If you're driving from Rochester down to Dundee and Watkins Glen, you're probably going to pass through Geneva - and that city, 40 miles north of the Glen, has some deep connections to Dundee radio these days. In 2004, the Finger Lakes Radio Group bought WFLR and WFLR-FM, adding those stations to its cluster based at Geneva's oldest station, WGVA (1240). By then, the group also included a string of AMs across the northern Finger Lakes - WCGR (1550 Canandaigua), WSFW (1110 Seneca Falls) and WAUB (1590 Auburn) - and two FMs, AC WNYR (98.5 Waterloo) and classic rock "Wall" WLLW (99.3 Seneca Falls).

At various times, all of those AMs have been part of the "Finger Lakes News Network," simulcasting a roster of syndicated and local talk, with local news inserts for Dundee and Auburn. A few years ago, WSFW flipped to "The Finger Lakes Visitors Channel," with travel information for the region, and just a few months ago WCGR (now also heard on an FM translator, W283BF on 104.5) flipped to oldies, leaving only WGVA and WAUB (also heard on FM translator W251AJ at 98.1) as part of the network.

We still remember the WGVA building on Lenox Road as it appeared in the eighties, when it was home to just WGVA itself, with a big old-fashioned studio on the right side of the building. Today, that side of the building houses a hallway lined by studios - a little production room in the back for WSFW(AM), a larger studio next to it for the News Network, a newsroom next to that, and the WNYR studio at the end. Across the hall, a transmitter room houses WGVA's Energy-Onix transmitter and automation and STL gear for all the stations (they're using FMeXtra on the WNYR signal to feed several of the outlying AM stations from Geneva), and there's a studio for WLLW next to that.

Out back, that WGVA tower has been there since the station signed on in 1947; these days, it has an FM antenna on it, too, carrying Calvary Satellite Network translator W214BR (90.7). (2009 update: CSN is trading this translator to WGVA in exchange for WSFW, down the road in Seneca Falls, and we expect it to become a WGVA relay sometime in 2010.)

We'll come back to Geneva in a future installment to look at its other commercial FM, WFLK (101.7), whose tower is just down the road from WGVA - but we'll close out this installment with a visit to the city's noncommercial station.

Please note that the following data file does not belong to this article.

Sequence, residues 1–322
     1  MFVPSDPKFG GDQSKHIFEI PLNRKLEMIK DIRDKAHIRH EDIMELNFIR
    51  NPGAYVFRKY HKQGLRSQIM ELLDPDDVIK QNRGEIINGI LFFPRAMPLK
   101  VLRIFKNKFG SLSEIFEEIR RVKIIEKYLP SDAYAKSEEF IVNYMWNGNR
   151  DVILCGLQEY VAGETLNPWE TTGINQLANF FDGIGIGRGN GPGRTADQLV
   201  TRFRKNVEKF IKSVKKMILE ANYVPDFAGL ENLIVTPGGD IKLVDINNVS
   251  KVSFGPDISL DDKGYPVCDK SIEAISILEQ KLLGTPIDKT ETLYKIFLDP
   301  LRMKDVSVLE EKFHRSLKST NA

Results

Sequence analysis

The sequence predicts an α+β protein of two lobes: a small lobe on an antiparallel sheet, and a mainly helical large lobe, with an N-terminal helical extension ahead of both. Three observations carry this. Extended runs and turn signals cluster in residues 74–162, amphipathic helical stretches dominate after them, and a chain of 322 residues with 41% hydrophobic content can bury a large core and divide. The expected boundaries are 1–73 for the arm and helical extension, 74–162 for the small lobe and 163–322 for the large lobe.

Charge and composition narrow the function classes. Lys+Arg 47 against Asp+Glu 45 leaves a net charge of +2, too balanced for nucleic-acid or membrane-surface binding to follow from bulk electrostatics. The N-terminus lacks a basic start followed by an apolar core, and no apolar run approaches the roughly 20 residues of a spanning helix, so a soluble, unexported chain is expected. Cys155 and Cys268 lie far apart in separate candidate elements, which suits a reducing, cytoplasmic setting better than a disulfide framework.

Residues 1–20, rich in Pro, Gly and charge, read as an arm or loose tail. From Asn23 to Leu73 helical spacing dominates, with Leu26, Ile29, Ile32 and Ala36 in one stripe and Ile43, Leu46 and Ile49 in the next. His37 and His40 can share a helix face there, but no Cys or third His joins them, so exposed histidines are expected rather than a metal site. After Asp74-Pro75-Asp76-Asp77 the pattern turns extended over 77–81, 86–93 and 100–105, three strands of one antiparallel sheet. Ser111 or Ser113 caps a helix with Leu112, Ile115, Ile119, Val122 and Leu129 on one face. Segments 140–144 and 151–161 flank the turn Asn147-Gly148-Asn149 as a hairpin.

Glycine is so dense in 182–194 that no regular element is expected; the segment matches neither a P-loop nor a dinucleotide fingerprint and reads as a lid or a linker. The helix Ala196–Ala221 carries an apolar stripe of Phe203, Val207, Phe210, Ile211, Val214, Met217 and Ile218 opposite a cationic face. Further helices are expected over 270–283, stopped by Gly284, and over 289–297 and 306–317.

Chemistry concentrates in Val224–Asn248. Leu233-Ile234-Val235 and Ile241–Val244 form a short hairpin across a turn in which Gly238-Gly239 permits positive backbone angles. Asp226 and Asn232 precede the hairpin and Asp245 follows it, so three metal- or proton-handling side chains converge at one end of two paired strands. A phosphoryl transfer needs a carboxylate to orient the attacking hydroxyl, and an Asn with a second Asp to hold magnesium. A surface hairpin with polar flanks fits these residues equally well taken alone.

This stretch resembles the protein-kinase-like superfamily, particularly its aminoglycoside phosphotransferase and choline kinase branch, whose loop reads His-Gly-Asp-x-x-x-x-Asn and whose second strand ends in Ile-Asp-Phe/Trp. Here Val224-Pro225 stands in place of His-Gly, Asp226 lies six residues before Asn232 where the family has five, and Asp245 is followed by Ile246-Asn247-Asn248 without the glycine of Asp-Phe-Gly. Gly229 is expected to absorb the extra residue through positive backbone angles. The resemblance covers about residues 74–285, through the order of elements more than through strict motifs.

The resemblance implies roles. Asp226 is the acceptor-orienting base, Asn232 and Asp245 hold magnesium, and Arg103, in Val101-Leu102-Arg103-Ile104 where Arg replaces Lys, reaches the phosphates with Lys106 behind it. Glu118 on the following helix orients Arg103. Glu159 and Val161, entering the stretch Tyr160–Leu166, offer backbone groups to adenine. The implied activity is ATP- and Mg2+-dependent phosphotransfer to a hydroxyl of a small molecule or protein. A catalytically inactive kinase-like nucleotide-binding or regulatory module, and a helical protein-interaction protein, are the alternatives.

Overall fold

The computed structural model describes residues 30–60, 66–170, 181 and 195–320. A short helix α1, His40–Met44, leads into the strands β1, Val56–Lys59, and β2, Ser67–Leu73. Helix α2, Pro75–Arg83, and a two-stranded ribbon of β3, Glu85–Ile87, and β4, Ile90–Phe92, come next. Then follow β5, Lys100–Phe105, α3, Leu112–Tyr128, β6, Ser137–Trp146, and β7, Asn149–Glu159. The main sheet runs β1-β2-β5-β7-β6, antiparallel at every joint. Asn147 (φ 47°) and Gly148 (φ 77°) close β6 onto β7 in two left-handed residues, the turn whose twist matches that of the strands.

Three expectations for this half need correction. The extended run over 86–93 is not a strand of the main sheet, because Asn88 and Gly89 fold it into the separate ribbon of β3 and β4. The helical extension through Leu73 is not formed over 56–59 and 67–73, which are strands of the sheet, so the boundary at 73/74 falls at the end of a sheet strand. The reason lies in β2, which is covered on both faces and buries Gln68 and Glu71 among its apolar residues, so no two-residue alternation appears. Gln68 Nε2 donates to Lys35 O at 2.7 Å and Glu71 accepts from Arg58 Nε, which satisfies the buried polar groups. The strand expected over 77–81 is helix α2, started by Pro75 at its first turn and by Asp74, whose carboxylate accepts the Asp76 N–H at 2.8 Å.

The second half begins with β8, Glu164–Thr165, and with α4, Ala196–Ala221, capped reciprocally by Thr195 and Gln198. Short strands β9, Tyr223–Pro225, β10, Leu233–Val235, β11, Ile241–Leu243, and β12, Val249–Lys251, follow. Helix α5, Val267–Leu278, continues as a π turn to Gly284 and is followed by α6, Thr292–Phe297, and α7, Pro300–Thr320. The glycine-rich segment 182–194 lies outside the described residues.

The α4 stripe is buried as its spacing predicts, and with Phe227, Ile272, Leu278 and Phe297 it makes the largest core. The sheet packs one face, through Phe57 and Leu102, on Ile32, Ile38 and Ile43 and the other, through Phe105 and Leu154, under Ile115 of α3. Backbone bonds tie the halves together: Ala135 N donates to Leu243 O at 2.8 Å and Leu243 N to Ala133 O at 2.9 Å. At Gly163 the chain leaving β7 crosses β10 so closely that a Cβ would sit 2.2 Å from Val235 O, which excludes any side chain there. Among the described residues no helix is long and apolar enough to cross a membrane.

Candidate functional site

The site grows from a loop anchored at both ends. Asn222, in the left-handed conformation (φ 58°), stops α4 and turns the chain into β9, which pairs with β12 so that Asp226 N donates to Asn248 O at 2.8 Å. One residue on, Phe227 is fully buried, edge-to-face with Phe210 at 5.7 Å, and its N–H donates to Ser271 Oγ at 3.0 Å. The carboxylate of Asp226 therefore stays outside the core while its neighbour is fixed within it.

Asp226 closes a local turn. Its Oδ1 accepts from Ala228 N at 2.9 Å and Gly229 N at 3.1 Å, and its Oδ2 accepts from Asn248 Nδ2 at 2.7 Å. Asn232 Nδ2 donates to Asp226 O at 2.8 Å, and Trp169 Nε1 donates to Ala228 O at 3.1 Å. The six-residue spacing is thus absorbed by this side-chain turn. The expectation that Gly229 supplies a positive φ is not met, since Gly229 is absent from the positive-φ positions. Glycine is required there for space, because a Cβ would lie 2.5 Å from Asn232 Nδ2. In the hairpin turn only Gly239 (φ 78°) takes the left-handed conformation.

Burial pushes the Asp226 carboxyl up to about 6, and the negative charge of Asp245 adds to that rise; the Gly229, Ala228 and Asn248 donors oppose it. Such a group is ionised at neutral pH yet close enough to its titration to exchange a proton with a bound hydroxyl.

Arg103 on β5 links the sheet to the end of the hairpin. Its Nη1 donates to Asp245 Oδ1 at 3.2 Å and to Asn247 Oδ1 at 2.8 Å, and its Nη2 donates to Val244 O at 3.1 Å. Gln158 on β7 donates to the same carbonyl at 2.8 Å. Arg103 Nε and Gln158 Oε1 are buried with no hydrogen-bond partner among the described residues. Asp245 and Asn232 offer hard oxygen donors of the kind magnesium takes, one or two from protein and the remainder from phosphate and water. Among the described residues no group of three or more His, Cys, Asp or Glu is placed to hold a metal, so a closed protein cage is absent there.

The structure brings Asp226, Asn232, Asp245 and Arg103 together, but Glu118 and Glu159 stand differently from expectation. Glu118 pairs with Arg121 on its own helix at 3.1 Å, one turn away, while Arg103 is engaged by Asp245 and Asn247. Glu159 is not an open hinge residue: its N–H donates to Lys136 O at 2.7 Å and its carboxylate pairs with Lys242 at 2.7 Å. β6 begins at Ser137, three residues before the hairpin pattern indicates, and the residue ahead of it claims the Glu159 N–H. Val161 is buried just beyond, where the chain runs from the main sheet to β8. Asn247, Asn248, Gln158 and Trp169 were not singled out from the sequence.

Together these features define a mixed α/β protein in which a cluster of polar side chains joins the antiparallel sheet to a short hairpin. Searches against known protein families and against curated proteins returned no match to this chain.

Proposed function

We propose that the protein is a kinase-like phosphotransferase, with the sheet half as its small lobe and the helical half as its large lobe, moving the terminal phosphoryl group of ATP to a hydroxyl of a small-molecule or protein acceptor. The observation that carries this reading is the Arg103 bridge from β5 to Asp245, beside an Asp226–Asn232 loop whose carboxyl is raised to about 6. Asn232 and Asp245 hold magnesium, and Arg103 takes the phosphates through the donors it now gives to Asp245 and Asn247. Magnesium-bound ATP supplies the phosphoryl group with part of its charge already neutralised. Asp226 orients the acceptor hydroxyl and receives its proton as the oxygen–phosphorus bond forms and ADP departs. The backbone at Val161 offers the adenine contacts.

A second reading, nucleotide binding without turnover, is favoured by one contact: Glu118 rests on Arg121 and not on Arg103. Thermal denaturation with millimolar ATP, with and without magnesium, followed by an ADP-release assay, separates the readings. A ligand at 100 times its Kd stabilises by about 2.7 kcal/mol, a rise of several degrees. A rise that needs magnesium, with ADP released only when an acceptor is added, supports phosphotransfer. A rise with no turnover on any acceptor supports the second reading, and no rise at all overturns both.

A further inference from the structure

WEOS (89.7) is the radio voice of Hobart and William Smith Colleges, and it's grown considerably from its 1971 debut as a 10-watt class D signal broadcasting from the roof of a dorm building on campus. Today, it's a directional 4 kW signal from a tower in Stanley, N.Y., west of Geneva, and it holds a CP for a move to 89.5 and another power increase.

Back on campus, the transmitter site WEOS used before the move to Stanley is still in place at Winn-Stanley Gymnasium, with the four-bay WEOS antenna now being used by 88-watt translator W212BA (90.3), which fills in some coverage holes on campus. More recently, a two-bay antenna was added to the tower for LPFM WHWS-LP (105.7 Geneva), which is operated by the college as a student station (and, at least for now, as a Radio Bilingue outlet for Geneva's Latino community when the students aren't on the air.)

A short walk from Winn-Seeley brings us to the WEOS studios, which moved to this house on the edge of campus (facing Routes 5 & 20) in 1998. The main WEOS studio, Logitek console and all, is at the back of the building, facing another room that's used for talk programming and the occasional live performance. The WHWS-LP studio is in the front, behind that neon sign in the window, and there are offices upstairs.

As WEOS continues to grow - it has a CP for another signal down in Ithaca, WITH (90.1), and a pending application for a new signal on 90.3 in Auburn - it may eventually move to larger quarters; for now, though, this little house does a fine job of providing public radio and community programming to the Finger Lakes.

Thanks to Greg Cotterill, Mike Smith and Alan Bishop at Finger Lakes Radio Group and Mike Black and Aaron Read of WEOS for the tours!